October 18th, 2010, 12:17 AM
Poker and the shared pot at the table in a decentralised network
When we play Poker online, we are using a centralised network. You deposit your cash online, sit down at a game and play. You place your trust in the site to be secure; no other players can see your hands and no money is being secretly stolen from you. Even big name sites have been known to cheat and smaller sites just shut down and steal your money.
There are two well known sites- PokerStars and Full Tilt Poker. By being secure, they charge you excessive amounts to use their service. The market is monopolised by them since small sites are untrustworthy. This year I played on PokerStars and made $3k profit and payed $4.5k in rake- so I had to win $7.5k in total and hand over more than half my winnings to PokerStars.
A decentralised Poker network (using bitcoin). Here's the advantages:
+ Government heavily taxes Poker sites. Decentralised networks are outside the law.
+ No rake.
+ Don't need to place your trust in a company
+ Customise your client since you own the source!
+ No tracker sites gathering statistics on your play against the rules of Poker
How could such a thing be implemented?
Mental poker (check wikipedia for algorithm) is a scheme for neutrally verifying cards among players but is slow. Yet I imagine there's ways to speed it up by relying on trust/probabilistic methods.
The real problem is money put into the pot. For those unfamiliar with Poker I'll explain: People bet on the strength of hands, and put money in a pot. After so many betting rounds, both players show their hands. The strongest hand wins the money put in the middle. How can this be decentralised?
The best scheme I imagined was if the pot was stored by a third party. We want to protect against collaboration so using the other players not involved in the hand at the table is not possible (5 of the 6 players on the table could be collaborating together and just steal your money). Each player could nominate a few escrows each that hold fractional amounts of the money. Since people disconnect (bad internet .etc), the escrows would need to be dedicated services.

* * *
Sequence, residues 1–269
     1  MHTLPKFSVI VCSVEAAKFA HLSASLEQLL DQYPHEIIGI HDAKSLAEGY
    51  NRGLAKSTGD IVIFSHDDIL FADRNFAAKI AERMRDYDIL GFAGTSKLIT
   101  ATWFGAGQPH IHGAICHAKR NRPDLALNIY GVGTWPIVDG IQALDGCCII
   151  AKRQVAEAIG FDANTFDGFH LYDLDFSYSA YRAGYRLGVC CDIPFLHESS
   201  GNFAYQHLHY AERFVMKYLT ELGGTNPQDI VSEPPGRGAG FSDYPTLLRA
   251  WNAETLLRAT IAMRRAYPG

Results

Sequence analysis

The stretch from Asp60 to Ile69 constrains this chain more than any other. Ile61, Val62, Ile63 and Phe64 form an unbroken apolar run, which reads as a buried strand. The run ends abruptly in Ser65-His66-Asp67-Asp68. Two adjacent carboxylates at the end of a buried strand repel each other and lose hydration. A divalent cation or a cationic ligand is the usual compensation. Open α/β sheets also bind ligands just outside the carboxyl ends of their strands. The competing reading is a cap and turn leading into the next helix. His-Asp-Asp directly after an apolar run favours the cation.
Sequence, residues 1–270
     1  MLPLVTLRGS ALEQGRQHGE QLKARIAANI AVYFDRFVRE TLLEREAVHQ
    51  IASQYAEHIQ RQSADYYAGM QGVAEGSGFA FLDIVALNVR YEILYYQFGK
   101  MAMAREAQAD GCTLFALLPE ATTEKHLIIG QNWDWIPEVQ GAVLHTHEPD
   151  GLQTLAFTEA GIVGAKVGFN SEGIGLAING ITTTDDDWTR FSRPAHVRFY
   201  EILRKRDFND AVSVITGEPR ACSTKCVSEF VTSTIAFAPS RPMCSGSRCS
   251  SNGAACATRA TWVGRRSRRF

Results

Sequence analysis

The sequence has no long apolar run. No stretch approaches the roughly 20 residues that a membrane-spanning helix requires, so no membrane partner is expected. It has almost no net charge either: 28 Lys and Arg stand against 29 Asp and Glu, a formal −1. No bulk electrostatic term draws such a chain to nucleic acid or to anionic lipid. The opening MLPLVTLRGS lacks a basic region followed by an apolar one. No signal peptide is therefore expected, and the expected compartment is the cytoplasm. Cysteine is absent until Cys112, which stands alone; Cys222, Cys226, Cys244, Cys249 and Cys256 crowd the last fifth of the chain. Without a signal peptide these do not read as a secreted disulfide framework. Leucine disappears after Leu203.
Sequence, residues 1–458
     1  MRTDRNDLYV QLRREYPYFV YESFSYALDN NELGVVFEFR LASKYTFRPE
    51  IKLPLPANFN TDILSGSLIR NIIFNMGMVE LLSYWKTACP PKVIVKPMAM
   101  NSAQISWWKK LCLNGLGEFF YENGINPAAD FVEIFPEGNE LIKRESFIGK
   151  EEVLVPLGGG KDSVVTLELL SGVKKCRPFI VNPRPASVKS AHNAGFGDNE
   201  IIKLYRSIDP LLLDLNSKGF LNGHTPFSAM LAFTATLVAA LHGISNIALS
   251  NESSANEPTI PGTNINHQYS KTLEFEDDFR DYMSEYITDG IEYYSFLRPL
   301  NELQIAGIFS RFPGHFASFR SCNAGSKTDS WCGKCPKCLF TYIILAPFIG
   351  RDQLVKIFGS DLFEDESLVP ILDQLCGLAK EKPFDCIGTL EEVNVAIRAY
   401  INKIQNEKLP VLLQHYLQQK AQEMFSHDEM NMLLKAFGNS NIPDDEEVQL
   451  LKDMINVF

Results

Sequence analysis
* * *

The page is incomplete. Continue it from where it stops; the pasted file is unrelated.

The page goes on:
6 players sit down at a table. Each nominates 2 escrow services that hold the money (12 in total). Player A and B start betting and putting money in the pot. $200 goes into 12 escrows or $17 each. After they show the hand everyone agrees player A won. But one escrow refuses to award their share of the $7 to A... Everyone at the table blacklists that escrow to never trust them again and alerts everyone else in the network. If the majority of the players at the table >50% agree that an escrow is bad, then everyone blacklists them.
My scheme is full of holes though. Looking for ideas.
October 18th, 2010, 03:17 AM
In an escrow:
1. A offers to sell laptop for 2000 coins, and escrows X coins as security.
2. B offers to buy and escrows X coins as security.
3. B pays 2000 coins to A.
4. If A refuses to send the laptop, both A and B have lost X coins. Therefore, A has an
* * incentive to send the laptop, and B can't use this system to put A out of business.
5. A sends the laptop to B.
6. If B refuses to acknowledge receipt of the laptop, both A and B have lost X coins.
* * Therefore, B has an incentive to acknowledge receipt of the laptop.
where X > 2000 (e.g X = 2500)
In Poker here, the transaction confirmation is when the hands are revealed and the escrow confirms the winner. I'm asking about a distributed escrow in essence.
October 18th, 2010, 09:40 PM
No, not really.
Personally I'm more apt to trust a company that I know nothing about than an individual I know nothing about (especially an anonymous individual).
If the escrows were dedicated services then it wouldn't be decentralized anymore. Unless by "dedicated" you just mean not playing at the table. In which case, what security does that add? Are they not just as likely to drop as someone at the table? Can they not be rigged just as easily (since they are nominated by players)?
What if you have 5/6 people at the table collaborating and they blacklist your (good) escrow? Or they choose not to blacklist a bad escrow?
Having each player nominate 2 escrow services doesn't really increase the diversity. You may as well just have each player nominate 1. If someone is able to game the system into having one rigged escrow service, why couldn't they just do it twice to have 2 rigged escrow services?
How are you going to uniquely identify escrow services? If you can't uniquely identify them you can't blacklist them. It's virtually impossible to uniquely identify a node on the internet, especially if your network protocol is open source.